Error messages when searching
Occasionally when using JSTOR DfR, especially when narrowing a search, you will get a cryptic series of error messages. DfR is beta software. When you get those messages, wait a few seconds and reload the screen. In most cases, the error will go away.
Understanding Search Results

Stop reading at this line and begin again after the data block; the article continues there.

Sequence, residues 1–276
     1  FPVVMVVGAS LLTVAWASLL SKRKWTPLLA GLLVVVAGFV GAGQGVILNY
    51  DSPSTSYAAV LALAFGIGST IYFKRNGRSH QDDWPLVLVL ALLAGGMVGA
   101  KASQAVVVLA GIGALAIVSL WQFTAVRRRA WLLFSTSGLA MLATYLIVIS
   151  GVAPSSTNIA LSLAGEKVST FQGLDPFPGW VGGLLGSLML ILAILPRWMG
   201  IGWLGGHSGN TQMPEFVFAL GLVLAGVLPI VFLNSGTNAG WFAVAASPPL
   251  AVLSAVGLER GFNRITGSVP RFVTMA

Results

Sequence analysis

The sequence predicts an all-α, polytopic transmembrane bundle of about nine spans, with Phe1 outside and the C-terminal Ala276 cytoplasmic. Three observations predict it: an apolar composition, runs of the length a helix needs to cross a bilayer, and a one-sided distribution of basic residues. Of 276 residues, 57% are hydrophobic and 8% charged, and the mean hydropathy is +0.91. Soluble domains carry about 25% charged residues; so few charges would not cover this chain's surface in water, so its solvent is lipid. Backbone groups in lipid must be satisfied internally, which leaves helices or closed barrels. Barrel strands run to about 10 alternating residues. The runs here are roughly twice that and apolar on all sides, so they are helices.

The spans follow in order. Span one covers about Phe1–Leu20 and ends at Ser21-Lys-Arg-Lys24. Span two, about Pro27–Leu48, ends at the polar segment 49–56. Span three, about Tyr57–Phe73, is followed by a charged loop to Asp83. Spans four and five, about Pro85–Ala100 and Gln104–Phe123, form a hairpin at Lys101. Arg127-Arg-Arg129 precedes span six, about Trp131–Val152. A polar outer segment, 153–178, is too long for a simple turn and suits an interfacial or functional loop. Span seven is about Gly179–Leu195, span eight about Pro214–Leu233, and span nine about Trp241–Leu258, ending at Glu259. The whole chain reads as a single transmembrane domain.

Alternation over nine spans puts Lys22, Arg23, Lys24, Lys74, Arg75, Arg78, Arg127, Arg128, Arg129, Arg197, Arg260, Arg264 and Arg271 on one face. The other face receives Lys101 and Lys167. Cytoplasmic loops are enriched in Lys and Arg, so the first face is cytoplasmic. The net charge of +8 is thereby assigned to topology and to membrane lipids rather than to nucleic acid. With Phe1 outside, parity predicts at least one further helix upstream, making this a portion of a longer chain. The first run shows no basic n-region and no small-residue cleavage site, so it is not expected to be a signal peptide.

Results default to sorting by relevance, but can be sorted by date or CiteRank. The citation title (displayed in red) is a hyperlink to the full-text of the article. Since W&L does not subscribe to the full JSTOR archive, some titles may not display the full-text. In those cases a button connecting to the library’s linking system provides an option for checking for the full-text in another resource or obtaining the article via interlibrary loan. Book reviews are often listed as [untitled], as in the second citation in the above example. The author name is a hyperlink that searches JSTOR for other articles by that author that meet the same search criteria. For example, clicking on James E. Irby in the first citation above will return search results for book reviews by him that mention “Jorge Luis Borges”. The hyperlink for the subjects in the citation work the same way as the author hyperlink: the result is a search for the same criteria within that subject. Key terms are automatically generated by a word weighting algorithm and do not include keywords assigned by the author or publisher. The More Info link under each citation displays the top N-grams for each article. N-grams are a list of word/phrase frequency in a text. A bigram is two words that appear together, a trigram is three words, etc. Downloading data sets When you have revised your search results to a satisfactory degree, then you might want to download a data set. The downloaded data does NOT include the fulltext of the articles. To download: from the top menu, select Dataset Requests and Submit new request. Important: you can only download up to 1,000 items in a single request. If your search is beyond 1,000 items then the data set will be a random sample of all items in the search. If you have the need for larger data sets then you can contact JSTOR and provide a project description and the number of items needed. Before requesting a larger data set you will want to work with a smaller set or a sample of the data first in order to verify that the data will meet your research needs. A simple way of reducing the data set to below the 1,000 item threshold is to limit by publication year. Requests can be made for the same search that span different time periods. After downloading several data sets in this manner, then you can combine the data into a single large data set.